2017 saw the importance of business continuity return to centre stage. From the WannaCry and Petya cyber-attacks, to the series of natural catastrophes that hit the Caribbean, US and Mexico, the perils of physical and non-physical risk were felt by businesses across the globe. The World Economic Forum's (WEF) 2018 Global Risks Report recently named extreme weather events, natural disasters and cyber-attacks as the most likely risks to affect businesses this year, intensifying the need to focus on business continuity.
Valuable lessons can be learned from the losses of last year and serve as an excellent opportunity for risk managers to put the importance of business continuity firmly back at the top of the C-Suite agenda. It is vital to take a proactive approach when protecting your business's operations. Failure to be proactive can result in loss of reputation, shareholder sentiment and ultimately bottom line.
Why does business continuity matter?
In today's interconnected world, hindsight is not an option in the face of disruption. Companies should not underestimate the importance of a contingency plan. News of a loss travels fast and businesses that are unprepared may be unable to swiftly resume normal operations, which could result in a decline in consumer confidence.
On top of this, both the business and risk landscapes are becoming increasingly complex. Many organisations have multi-tiered suppliers in many different locations across the world. Set this against the increase in frequency of natural catastrophes and cyber-attacks; those businesses that have not amply protected their supply chain are exposed.
As seen with the severity of the WannaCry cyber-attack last year, without comprehensive preparation organisations can be brought to a complete standstill. The unprecedented ransomware attack lead to the shutdown of computers across 80 NHS organisations in England alone, which led to 60,000 cancelled appointments and some hospitals diverting ambulances because they were unable to cope with emergency calls.
Similarly, as Hurricanes Harvey, Irma and Jose ripped through the Caribbean and US last year, facilities were destroyed, and many were left without power leading to severe business interruption.
These types of business closures can cause customers to rely on competitors which may result in a loss of market share. Ultimately, the most successful organisations are resilient ones. By developing and implementing a business continuity plan (BCP) companies can build resilience into their complex supply chains, identify their exposures and implement measures to mitigate risks as well as have a coherent strategy that can be quickly drawn upon in the event of a loss.
How to implement business continuity across your business
There are four main components in a successful business continuity programme. These components are comprised of: loss prevention, business continuity planning, crisis management and business recovery planning.
Loss Prevention: commitment to proactive loss prevention is a crucial element to any plan. Establishing where your organisation is vulnerable before a loss occurs puts you in a far more resilient position and will greatly improve your ability to avoid such losses.
Business Continuity Planning: having a plan for the worst-case scenario will ensure that all relevant parties are briefed and will promote a more streamlined and efficient recovery.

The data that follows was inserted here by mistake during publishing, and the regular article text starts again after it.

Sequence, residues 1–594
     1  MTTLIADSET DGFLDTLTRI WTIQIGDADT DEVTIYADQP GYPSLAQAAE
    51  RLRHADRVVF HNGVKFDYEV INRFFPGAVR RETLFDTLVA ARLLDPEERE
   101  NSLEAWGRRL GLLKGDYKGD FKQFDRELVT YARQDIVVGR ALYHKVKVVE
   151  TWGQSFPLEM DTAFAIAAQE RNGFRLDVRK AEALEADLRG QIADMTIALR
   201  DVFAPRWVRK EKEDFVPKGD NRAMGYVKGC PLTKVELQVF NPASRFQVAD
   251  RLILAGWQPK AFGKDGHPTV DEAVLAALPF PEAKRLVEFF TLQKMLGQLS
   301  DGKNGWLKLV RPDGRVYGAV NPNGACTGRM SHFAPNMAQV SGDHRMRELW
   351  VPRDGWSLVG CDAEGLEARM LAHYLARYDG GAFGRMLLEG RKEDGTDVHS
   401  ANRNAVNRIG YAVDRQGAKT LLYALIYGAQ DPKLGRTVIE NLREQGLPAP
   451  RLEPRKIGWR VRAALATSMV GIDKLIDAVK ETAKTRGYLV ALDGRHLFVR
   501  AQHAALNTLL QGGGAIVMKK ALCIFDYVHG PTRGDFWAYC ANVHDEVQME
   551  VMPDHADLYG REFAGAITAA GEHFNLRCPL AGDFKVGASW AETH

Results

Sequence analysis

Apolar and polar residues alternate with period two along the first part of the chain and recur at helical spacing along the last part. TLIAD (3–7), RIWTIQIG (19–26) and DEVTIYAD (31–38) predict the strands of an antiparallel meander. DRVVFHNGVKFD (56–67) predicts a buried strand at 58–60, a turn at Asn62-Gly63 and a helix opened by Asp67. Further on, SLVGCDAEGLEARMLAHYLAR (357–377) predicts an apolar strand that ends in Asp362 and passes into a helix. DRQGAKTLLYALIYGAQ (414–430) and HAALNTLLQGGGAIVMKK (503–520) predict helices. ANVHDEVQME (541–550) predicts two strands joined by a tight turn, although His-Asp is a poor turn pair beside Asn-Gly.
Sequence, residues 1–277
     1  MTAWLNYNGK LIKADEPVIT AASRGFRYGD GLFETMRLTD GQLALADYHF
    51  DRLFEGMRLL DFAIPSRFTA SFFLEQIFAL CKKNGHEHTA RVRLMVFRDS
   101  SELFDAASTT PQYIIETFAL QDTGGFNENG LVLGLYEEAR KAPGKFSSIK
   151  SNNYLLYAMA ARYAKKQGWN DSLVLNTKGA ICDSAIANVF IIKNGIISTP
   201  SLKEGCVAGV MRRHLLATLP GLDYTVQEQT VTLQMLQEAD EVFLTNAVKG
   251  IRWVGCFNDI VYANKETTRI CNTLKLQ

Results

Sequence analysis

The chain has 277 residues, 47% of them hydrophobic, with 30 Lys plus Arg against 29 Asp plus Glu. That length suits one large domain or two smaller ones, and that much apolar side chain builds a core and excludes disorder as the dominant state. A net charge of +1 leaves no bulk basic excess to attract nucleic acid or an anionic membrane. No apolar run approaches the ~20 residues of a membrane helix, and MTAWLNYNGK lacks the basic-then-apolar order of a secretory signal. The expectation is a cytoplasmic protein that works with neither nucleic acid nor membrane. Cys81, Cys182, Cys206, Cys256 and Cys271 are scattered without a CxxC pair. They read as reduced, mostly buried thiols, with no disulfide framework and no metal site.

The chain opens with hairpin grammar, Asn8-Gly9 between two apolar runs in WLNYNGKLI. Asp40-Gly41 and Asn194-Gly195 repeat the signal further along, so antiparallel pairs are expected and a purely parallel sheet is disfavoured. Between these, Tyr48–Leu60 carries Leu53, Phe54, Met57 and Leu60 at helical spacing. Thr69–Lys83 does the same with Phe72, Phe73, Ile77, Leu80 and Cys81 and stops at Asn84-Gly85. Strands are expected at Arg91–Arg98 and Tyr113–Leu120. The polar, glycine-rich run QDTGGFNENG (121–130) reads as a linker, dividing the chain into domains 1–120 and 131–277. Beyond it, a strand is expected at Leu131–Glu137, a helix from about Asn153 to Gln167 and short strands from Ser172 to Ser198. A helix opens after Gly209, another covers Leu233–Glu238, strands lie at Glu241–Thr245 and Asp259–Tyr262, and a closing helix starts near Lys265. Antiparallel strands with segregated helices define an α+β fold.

Crisis Management: If a loss was to occur, a clearly structured crisis management programme that can be immediately deployed will aid in your ability to reassure your customers, and may safeguard your reputation and shareholder value.
Business Recovery Planning: is critical to quickly getting you back on your feet. In some cases, resuming normal operations may not be possible, instead companies are encouraged to explore opportunities to adapt. Establishing alternate suppliers for key components would support consistent delivery of services whilst a business is recovering.
Partnering with an insurer that is able and willing to pay claims quickly in the event of a loss is also critical to a quick recovery. That should mean claims managers who are empowered to make on-site decisions around the world and release emergency funds when required before the full extent of a loss has been established.
Truly resilient companies recognise that timing is crucial in the aftermath of a loss. The most successful organisations are confident in their ability to recover quickly and resume normal operations as soon as possible.
At FM Global, we believe that the majority of loss is preventable and work closely with our clients to identify exposures to their business and implement engineering-based solutions to mitigate against risk.
Philip Johnson, is Managing Director at FM Insurance Company Ltd
Business Continuity Management Report
In November 2017, FM Global worked with the Business Continuity Institute and Airmic to create a report highlighting the importance of business continuity management. The report highlights key steps that can be taken to enforce a BCP across an organisation.
The report explains the following:
- The importance of business continuity to the broader risk management function.
- The Business Continuity Institute's business continuity management life cycle, which can be used as a framework for an organisation to build resilience.
- The appropriate language which risk managers can use when developing a relationship with business continuity managers, as well as the key questions which the risk manager should be asking.
The report is available to all Airmic Members, and can be found here.
For a useful guide on how to write a BCP, you can consult IT Governance' How to write a business continuity plan: the easy way